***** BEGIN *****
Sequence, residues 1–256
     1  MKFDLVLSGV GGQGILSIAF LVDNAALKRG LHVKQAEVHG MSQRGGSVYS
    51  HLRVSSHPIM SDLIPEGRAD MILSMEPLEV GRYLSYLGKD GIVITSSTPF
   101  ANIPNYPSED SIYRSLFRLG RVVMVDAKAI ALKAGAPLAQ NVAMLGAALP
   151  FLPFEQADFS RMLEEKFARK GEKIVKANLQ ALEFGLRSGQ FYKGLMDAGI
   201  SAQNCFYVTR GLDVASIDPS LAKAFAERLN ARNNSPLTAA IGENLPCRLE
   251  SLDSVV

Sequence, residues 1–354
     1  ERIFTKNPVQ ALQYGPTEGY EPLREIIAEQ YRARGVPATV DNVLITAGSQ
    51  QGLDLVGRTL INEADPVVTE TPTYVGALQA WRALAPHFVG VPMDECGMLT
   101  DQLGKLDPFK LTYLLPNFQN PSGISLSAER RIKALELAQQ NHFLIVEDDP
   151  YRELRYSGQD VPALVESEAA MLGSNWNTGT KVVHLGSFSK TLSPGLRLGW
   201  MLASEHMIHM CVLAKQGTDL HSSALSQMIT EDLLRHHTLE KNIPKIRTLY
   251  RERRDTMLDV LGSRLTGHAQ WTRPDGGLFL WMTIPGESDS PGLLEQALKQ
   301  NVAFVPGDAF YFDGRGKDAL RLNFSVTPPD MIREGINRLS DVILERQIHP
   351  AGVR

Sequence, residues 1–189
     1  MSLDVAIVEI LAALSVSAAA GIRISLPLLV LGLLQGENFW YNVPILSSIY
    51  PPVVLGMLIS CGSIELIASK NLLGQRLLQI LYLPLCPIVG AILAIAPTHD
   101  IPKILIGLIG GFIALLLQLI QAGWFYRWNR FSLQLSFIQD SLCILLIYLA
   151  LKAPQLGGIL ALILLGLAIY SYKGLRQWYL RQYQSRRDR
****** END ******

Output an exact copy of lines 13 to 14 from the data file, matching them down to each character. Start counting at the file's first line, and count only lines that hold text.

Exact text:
   201  MLASEHMIHM CVLAKQGTDL HSSALSQMIT EDLLRHHTLE KNIPKIRTLY
   251  RERRDTMLDV LGSRLTGHAQ WTRPDGGLFL WMTIPGESDS PGLLEQALKQ